Cannabis is the most used substance in the U.S.  Cannabis use is especially harmful for adolescents and their developing brain.  Cannabis use can contribute to the following: 

  • decrease in academic performance
  • impaired memory
  • problems with making decisions (for example, in sports or tests)

Cannabis can also impair your driving.  And it is illegal for youth under 21 to use cannabis in California. So if youth are caught intoxicated while driving, they could still get a DUI. 

In addition, regular use of cannabis has been linked to anxiety and depression, especially for youth with a family history of mental health conditions.  Use of wax based cannabis products has been linked to severe mental health symptoms, like hallucinations and delusions. Make sure you and your friends know about the negative consequences associated with cannabis use.   

Watch a video on how Marijuana affects Brain and Body.



Meth is a highly addictive substance that can cause addiction, severe dental problems (“meth mouth”), confusion, memory loss, sleeping problems, violent behavior, paranoia, and hallucinations. 

Meth is highly addictive because it works on the “reward circuit” of the brain. When taking meth, dopamine is released to make people feel good, but when the meth leaves, so do the rewards, prompting more to be used, causing an addiction. 

Meth can be consumed several ways. Smoking, snorting, swallowing a pill, and injecting the powder that has been dissolved in water are all ways to consume meth. 

If meth is injected, users are at a higher risk for HIV, Hepatitis B, and Hepatitis C. Research has been conducted claiming meth may worsen the symptoms of HIV.

Meth can lead to risky behaviors, like unprotected sex, increasing the chances for an STI. 

Sometimes cheap, synthetic opioids are added to meth, making it twice as likely to overdose. 

If a meth overdose occurs, it often leads to a stroke, heart attack, or organ problems. 

If you want to learn more about meth, click here.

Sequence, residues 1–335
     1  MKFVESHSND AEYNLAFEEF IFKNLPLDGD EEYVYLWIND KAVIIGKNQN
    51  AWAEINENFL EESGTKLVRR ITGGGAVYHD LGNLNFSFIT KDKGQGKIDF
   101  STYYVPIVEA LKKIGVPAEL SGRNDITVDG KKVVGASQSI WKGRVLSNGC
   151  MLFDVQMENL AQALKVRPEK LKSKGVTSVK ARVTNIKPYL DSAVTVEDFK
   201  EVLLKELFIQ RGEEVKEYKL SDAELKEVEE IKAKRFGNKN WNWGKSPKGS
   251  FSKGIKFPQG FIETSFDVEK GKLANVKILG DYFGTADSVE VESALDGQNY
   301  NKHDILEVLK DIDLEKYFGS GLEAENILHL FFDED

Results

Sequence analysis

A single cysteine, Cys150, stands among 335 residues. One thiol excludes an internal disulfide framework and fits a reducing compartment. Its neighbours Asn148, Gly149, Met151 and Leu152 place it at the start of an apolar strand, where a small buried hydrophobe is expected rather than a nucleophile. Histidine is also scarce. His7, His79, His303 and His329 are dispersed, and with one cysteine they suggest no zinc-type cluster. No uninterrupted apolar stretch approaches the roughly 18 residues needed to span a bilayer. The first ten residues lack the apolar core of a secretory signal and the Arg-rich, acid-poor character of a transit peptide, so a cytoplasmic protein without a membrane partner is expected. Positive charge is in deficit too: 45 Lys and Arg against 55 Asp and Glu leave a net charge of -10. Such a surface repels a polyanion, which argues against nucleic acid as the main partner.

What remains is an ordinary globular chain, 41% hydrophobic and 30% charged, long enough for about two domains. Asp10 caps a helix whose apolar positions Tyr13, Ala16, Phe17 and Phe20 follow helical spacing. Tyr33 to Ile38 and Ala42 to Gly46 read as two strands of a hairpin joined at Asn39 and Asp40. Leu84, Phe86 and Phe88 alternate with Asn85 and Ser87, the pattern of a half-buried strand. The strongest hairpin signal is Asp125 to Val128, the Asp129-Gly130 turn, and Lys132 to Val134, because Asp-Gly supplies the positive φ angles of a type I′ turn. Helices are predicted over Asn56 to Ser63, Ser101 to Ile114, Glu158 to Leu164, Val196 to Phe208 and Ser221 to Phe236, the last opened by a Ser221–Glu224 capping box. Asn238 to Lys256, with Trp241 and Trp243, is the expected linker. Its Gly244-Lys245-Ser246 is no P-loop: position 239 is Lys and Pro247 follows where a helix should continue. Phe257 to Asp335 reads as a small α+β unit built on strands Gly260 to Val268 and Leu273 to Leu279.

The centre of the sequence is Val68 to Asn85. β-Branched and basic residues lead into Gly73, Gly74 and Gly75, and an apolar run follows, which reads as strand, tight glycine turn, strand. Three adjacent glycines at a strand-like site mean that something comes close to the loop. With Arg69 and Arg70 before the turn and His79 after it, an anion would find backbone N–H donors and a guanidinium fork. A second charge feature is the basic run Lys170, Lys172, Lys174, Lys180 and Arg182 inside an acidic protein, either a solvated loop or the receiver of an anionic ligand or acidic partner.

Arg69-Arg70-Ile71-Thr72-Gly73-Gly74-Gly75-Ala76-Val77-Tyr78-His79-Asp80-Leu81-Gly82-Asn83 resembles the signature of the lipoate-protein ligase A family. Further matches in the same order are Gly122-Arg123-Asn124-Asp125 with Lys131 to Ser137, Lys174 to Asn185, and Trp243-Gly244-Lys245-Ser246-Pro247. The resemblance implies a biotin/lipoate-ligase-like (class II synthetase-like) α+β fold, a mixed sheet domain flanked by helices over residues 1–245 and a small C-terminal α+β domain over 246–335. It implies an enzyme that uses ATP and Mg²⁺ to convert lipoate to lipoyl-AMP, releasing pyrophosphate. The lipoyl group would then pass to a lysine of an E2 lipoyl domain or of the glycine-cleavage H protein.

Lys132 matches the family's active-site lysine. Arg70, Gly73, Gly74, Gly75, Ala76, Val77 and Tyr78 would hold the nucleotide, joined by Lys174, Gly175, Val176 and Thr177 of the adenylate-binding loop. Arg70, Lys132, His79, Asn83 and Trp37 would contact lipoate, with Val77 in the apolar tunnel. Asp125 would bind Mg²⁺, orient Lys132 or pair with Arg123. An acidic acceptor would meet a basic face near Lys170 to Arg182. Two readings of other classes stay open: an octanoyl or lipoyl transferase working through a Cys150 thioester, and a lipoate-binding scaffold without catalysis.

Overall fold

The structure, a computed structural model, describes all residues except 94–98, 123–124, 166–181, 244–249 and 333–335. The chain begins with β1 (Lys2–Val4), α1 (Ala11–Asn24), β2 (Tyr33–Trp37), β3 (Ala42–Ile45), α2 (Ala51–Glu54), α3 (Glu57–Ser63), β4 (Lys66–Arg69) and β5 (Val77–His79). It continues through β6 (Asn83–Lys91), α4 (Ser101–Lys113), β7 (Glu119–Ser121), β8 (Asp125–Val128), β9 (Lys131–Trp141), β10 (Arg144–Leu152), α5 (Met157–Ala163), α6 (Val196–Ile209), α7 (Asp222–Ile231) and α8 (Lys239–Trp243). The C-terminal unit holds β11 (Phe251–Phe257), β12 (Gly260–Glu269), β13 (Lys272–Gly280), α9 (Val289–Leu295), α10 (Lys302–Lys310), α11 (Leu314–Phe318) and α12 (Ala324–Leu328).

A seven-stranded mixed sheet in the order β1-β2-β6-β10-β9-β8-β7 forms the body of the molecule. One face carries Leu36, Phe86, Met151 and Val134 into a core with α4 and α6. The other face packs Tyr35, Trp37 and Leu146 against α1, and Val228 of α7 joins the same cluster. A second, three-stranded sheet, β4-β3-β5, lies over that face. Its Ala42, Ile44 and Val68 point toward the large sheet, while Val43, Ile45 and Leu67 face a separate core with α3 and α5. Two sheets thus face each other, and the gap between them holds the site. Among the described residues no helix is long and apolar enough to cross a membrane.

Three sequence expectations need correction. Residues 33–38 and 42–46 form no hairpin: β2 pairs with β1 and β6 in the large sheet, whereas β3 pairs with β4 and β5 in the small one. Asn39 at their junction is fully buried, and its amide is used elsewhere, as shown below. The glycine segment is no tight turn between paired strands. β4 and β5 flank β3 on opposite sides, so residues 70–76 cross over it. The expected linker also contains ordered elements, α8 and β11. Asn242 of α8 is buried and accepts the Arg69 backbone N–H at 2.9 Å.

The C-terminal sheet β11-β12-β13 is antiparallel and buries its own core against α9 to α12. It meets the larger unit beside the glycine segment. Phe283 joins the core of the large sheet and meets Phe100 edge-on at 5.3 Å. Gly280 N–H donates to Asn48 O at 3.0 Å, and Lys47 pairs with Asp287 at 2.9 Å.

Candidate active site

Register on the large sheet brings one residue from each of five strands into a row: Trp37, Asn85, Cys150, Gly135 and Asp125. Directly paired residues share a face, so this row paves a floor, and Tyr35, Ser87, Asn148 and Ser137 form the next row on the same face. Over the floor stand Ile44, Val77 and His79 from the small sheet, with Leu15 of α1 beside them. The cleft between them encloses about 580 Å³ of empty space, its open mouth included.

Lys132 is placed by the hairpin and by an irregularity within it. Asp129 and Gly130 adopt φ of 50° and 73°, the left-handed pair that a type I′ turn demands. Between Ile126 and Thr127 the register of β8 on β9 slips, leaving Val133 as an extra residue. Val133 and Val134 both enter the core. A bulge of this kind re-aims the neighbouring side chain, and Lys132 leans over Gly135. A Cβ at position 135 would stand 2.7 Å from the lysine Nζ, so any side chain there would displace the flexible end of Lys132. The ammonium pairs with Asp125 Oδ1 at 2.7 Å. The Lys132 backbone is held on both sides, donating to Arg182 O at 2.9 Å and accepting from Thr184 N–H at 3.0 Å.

For more information and resources about Meth in LA County, visit the MethFree LA County site.



According to 2018 national data, more than half of the US adult population drank alcohol in the past 30 days.  When youth drink alcohol it can lead to many negative consequences including the following:

  • having a harder time making good decisions
  • impacting learning and brain development
  • greater risk of being injured from falls or motor vehicle accidents
  • being more likely to engage in unsafe behavior, like drinking and driving, unsafe sexual behavior and violence
  • increase risk of developing an alcohol use later in life
  • and for some even death (from crashes, homicides, alcohol poisoning, suicides)

Alcohol is considered a depressant, which means it slows down the central nervous system.  Some youth may drink alcohol as a way to cope with negative feelings or to feel better or experience new things.  Others may feel pressured to drink by their friends.  When you take time to learn about alcohol and its effects on the body though, you might just realize that drinking alcohol can make some youth feel worse over time rather than better.  

To learn more about alcohol and how it affects the teenage brain, visit the National Institute on Drug Abuse.



Opioids can be naturally derived from the poppy plant, synthetically made, or a combination of the two. Typically, opioids are used as a prescription for extreme pain. Opioids work by blocking pain and producing pleasure by releasing dopamine. 

Vicodin, heroin, fentanyl, Hydrocodone, Hydromorphone, and Methadone are all opioids. 

It is possible to become addicted to prescription opioids. It is also possible to overdose on prescription opioids. 

Opioid misuse can cause hypoxia, a condition where the brain does not receive enough oxygen. Hypoxia can lead to coma, permanent brain damage, or death. 

To treat opioid addiction, there is the option to receive Medications for Addiction Treatment (MAT), which can help manage cravings and decrease withdrawal symptoms. It is also recommended that individuals receiving MAT also receive individual therapy to help support them in their recovery. To learn more about MAT, visit the SAMHSA website

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